If you are inspired by a fellow blogger’s post, it is acceptable to post it on your blog ONCE you ask and obtain permission and then it is customary to thank them by hyperlinking back to their website. (IE: GoldRiverBuzz is a link. Typing www.goldriverbuzz.com is not a link.) Even if you put your own spin on the post, use a different photo, etc., you are taking their content without permission. Big no-no.

It’s very hurtful and frustrating to the original blogger, and no way to co-exist.

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Canada: The Story of Us. Episode 2: Hunting Treasure (1777 – 1793)

Canada: The Story of Us airs Sundays at 9:00pm on CBC TV and the CBC TV App. (Free to download)
Episode 2 which is airing tonight has a local connection! It tells the story of Chief Maquinna and Nootka Sound.
Chief Maquinna: Master of trade, diplomacy and all-around people person
Accounts of Maquinna frame him as a powerful young leader. As chief of the  Nuu-chah-nulth of Nootka Sound, he grew the wealth of his people, emerging as a shrewd and respected negotiator with European fur traders.
Ways to watch Canada: The Story of Us if you miss it.
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RCMP warn of Canada Revenue Scam as B.C. residents gear up to file taxes

RCMP warn of Canada Revenue Scam as B.C. residents gear up to file taxes

By Paula Baker
Online News Producer Global News

It’s that time of year when everyone is gearing up to prepare their taxes for filing next month.

But along with the proverbial tax filing, comes a chance for fraudsters and scammers to take advantage of the situation.

While frauds and scams are prevalent at anytime in any given community, the RCMP is warning people this month about the Canada Revenue Scam.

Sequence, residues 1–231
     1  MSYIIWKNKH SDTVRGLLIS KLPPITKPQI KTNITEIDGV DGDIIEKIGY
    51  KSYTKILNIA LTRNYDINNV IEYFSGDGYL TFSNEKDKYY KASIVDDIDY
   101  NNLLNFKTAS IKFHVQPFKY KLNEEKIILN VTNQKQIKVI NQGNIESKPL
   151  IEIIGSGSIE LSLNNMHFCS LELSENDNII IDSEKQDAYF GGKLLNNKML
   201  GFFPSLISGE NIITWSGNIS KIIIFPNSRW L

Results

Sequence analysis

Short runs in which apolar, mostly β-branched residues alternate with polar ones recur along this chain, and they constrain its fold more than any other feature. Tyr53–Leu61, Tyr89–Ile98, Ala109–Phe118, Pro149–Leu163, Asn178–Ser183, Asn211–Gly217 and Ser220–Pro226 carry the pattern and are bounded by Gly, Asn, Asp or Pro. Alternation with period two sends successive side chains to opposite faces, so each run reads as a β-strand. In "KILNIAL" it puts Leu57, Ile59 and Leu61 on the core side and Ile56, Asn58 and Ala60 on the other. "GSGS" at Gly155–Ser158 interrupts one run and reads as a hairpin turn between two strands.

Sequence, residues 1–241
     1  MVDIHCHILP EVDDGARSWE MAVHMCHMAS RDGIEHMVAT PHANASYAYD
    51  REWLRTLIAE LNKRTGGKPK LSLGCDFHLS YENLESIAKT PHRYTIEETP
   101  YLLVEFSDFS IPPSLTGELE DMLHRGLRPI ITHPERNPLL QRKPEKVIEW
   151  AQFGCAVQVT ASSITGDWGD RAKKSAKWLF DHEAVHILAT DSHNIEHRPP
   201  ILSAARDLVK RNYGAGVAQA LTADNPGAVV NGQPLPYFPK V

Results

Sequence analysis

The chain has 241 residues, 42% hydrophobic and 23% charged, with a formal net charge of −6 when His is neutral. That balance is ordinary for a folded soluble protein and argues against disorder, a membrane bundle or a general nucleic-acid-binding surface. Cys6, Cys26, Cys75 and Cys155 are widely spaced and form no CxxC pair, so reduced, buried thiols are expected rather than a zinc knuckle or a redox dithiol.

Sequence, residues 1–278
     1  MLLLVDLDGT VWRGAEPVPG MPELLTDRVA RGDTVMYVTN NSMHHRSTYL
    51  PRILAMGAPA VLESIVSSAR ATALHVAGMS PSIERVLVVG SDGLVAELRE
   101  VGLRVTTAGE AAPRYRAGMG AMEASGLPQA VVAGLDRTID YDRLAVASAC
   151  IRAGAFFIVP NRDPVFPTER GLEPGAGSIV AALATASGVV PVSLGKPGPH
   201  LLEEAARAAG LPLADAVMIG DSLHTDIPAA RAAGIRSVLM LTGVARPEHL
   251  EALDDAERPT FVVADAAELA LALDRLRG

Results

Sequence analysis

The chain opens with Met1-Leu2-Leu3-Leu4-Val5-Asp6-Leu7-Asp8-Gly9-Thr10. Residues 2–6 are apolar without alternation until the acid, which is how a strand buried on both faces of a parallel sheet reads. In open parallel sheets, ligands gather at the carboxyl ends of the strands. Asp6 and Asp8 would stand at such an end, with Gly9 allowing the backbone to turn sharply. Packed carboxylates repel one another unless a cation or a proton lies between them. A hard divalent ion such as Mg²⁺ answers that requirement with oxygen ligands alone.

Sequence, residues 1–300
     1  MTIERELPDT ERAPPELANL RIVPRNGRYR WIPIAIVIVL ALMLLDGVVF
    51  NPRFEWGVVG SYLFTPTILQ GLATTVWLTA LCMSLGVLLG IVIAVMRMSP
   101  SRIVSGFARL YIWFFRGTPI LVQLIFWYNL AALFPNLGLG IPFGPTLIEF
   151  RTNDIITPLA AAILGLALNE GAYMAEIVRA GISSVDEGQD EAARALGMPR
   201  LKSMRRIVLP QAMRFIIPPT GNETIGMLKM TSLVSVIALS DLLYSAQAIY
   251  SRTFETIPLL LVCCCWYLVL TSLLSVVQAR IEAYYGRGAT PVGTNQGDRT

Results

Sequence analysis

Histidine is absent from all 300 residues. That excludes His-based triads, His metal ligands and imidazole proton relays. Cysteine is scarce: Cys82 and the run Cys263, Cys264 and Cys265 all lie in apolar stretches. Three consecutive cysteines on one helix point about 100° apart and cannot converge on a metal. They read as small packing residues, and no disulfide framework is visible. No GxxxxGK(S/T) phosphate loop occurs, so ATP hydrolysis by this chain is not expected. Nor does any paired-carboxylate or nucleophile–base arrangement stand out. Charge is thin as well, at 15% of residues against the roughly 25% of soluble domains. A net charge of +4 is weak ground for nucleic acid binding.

The scam involves receiving a phone call impersonating the Canada Revenue Service (CRA) and claiming a recent audit has identified problems from past filed taxes. The caller then says a repayment is required immediately. The caller, police say, will often threaten that failure to pay will result in additional fees and/or jail time or deportation. The payment request is asked to be sent by a money service, pre-paid cards or gift cards.

The second part of the scam involves consumers getting an email saying a refund is pending from the CRA. The email will include a link, which sends the person to a website that mimics the actual CRA. You will then be prompted to put in personal information before getting the refund, which claims to be an email money transfer.

Victims that input their information, including Social Insurance Number (SIN), date of birth, and banking information, can suffer from identity fraud since no refund is ever issued.

Mounties recommend the following to protect yourself:

  • The CRA will only use only registered mail to contact consumers and will never use email or contact you by phone.
  • If in doubt, contact the CRA to confirm you owe back taxes or are entitled to a refund at http://www.cra-arc.gc.ca/cntct/menu-eng.html
  • Never provide personal information to anyone over the phone. Ask who is calling, document information and do your homework.
  • The CRA would never request payment by money service business or i-tunes gift cards.
  • For more information about fraud scams involving the CRA, visit Protect yourself against fraud.
  • If you’ve shared personal information, contact Equifax and Trans Union to place fraud alerts on your account.
  • If you’ve mistakenly shared banking information, contact your financial institution to place alerts on your account.
  • If you receive a phone call or email from someone claiming to represent the CRA, it is a scam. Simply hang up on the call and if it is an email, delete it.
  • If you were tricked into providing personal information, contact your local police agency. Otherwise , report the incident the Canadian Anti Fraud Centre at http://www.antifraudcentre-centreantifraude.ca/reportincident-signalerincident/index-eng.htm